I felt like part of an in-crowd when I recognised one of the marshals, and was recognised back getting a special wave and shout of encouragement. I make a point of always thanking marshals, generally runners do I think, but I like that if you make a point of saying ‘Thank you marshal’ loudly enough, you trigger a chorus of other ‘thank yous’ in your wake. It is very pleasing, if a bit goody two-shoes for some. As an aside, I’ve heard tell that Richmond parkrun doesn’t have (any?) or at any rate many marshals for some reason. I heard from someone who did volunteer as a marshal there, that he didn’t get much acknowledgement at all. This seems very wrong to me. Runners out there, hail your marshals, (and whilst I’m about it, cough up donations in lieu of free photos for the TenTenTen and think about donating your time for Alzheimer’s too, it’s a way of paying back for the gratis pleasure of Parkrun week after week.) I was shocked by the Richmond tale if true. Those people would struggle in Sheffield where you can be tutted off a bus if you fail to thank the driver on disembarking. I guess it’s the anonymity of city living made manifest in the park… Culture shock is inevitable if you travel I suppose. On the other hand, in the interests of balance, I have also heard that Richmond parkrun is organised a bit differently from other runs, everyone follows behind a bike, so there isn’t the same culture of marshals around. This being so, perhaps the runners are a bit confused when they see them. Much like if you were to spot a unicorn or a leprechaun out running, you might be quite chuffed and delighted to see such a precious rarity, but you wouldn’t necessarily know immediately what to say (see Tony Benn reference above), so let’s give them all the benefit of the doubt. I’ll go and see for myself one day.
So back to Bushy parkrun. Favourite overheard conversation today was when I found myself amongst a group of people who were running together. One was obviously more serious than the others, kitted out with a Garmin (or whatever) and telling tales of races and duathlons and triathlons past and pending. With him was a guy of similar age who at a guess was doing his first parkrun. I strongly suspect he’d underestimated how hard it would be and he was definitely struggling to maintain a conversation whilst his mate chatted away companionably (or in this case possibly competitively), but he wasn’t going to back down and slacken his pace. There were some others in the gang too, it all looked good-humoured and bonding. Then, at the 4 km mark (a particular big tree is a clue, that and the chorus of mechanical beeps ticking off the route on other runners various gizmos as they go by). The ‘serious’ runner, began to say ‘Right 4 km, our exact time is and our kph rate is ..’ he was cut dead by a chorus of ‘nos’! ‘we don’t want to hear!’ For me this sort of encapsulates the continuum of parkrun participants, the puffing rounders, the statisticians, and the ‘I’ll just do my own thing’ runners – there is room for us all! The statistician and the human interest runners perhaps represent the yin and yan of the parkrun community.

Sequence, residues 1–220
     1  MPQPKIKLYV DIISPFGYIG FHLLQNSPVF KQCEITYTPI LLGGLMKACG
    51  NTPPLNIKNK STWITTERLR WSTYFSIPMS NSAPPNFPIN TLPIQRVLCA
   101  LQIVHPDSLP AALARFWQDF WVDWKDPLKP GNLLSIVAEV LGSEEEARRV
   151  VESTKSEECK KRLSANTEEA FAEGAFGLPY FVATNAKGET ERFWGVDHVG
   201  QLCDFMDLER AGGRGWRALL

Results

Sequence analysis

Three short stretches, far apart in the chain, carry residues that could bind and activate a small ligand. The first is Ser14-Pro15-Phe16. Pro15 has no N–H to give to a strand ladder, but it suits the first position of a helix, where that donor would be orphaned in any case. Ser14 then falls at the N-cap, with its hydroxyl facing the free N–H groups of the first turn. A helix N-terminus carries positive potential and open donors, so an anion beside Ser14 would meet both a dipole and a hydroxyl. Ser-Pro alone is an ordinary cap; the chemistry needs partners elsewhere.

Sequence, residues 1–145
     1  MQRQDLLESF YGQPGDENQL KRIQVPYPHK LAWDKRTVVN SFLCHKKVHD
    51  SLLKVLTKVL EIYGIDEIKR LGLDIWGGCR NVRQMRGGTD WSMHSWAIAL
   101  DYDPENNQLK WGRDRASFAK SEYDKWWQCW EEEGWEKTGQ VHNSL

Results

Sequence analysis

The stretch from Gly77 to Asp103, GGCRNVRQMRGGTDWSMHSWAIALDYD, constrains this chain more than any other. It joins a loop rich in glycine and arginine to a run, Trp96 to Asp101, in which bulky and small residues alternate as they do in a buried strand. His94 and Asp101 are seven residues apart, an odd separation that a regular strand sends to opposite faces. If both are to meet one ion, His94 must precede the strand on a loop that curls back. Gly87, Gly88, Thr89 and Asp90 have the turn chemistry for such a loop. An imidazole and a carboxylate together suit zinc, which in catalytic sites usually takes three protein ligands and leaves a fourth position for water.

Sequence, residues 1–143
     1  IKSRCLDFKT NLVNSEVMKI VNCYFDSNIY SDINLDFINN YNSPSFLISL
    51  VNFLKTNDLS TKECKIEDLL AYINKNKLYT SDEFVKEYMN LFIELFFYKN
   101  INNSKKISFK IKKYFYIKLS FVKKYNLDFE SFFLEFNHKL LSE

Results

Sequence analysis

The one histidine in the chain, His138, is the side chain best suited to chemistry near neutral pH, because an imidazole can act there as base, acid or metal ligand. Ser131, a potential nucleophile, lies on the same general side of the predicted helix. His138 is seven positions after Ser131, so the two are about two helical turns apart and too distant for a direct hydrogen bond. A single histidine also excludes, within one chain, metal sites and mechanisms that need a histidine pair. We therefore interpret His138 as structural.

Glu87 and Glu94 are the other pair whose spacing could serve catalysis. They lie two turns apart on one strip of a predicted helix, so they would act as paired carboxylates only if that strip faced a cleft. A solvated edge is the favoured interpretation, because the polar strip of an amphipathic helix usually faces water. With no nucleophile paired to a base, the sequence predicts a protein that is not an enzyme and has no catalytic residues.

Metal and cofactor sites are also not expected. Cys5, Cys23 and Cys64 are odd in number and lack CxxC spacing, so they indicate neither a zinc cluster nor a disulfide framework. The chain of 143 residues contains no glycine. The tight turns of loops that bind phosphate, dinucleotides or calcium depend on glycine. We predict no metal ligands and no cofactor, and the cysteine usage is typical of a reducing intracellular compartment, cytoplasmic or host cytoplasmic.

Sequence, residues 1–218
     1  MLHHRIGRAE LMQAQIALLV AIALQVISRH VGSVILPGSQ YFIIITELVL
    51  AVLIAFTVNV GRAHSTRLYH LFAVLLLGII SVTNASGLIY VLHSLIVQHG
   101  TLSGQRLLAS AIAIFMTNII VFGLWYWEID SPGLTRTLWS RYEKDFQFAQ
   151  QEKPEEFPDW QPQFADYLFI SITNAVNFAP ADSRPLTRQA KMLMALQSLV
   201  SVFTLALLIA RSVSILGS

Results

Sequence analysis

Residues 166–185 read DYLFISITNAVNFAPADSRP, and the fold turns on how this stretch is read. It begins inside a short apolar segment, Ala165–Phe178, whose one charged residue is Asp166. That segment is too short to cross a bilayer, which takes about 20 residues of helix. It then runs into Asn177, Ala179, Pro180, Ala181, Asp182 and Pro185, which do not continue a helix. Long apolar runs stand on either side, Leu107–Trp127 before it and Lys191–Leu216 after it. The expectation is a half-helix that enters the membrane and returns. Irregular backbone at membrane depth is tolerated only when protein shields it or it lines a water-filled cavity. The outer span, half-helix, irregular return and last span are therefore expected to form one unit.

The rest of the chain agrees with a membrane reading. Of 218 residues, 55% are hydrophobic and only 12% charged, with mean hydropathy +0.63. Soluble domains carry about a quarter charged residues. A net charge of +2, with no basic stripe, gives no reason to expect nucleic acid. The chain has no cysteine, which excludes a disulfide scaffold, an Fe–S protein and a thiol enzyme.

So course completed, through a crowded finish line and in to the double funnel, which I find unfathomable still, even after nearly a dozen outings to Bushy. You just have to trust it. It is perhaps the eighth wonder of the world – or in any event it ought to be. I was quickly scanned and that’s was that for another morning. I passed the finish on my way out of the park, and clapped a few returners back. I felt a pang of conscience for my mean-spiritedness about the kids on trikes. An exhausted looking woman pushing a double buggy with one occupant, had another small child on a bike at her side, and they were hammering towards the finish, she calling encouragement to them both. It was truly inspirational. Of course parkrun should be as inclusive as it can – lawks a lordy, it’s made room for me after all!
I love parkrun, I really do. Even better when combined with stag sightings, it’s like an urban safari, you should see the packs of photographers with their telephoto lenses queuing up to get shots of the really majestic males posing in the bracken. They are a sight to behold as much as their quarry. Got to be worth the effort of getting up on a Saturday morning to take in all that. Thank you Bushy parkrun for your hospitality. You may be the Mecca of the parkrun community, but you have retained your integrity, inclusiveness and ability to extend a welcome to tourists and regulars alike!
So til next time, wonder where parkrun tourism will take me next…
Oh, and as to whether or not this parkrun pilgrimage has delivered up fitness benefits through my reconnecting with my inner runner, well it remains to be seen. It was great to be there, and would be something to tell wide-eyed off-spring one day if I actually had any issue to inflict such stories on, never mind, I’ll have to settle with accosting random strangers like that ancient mariner – worked for him – or maybe I should I keep a running blog! That might work…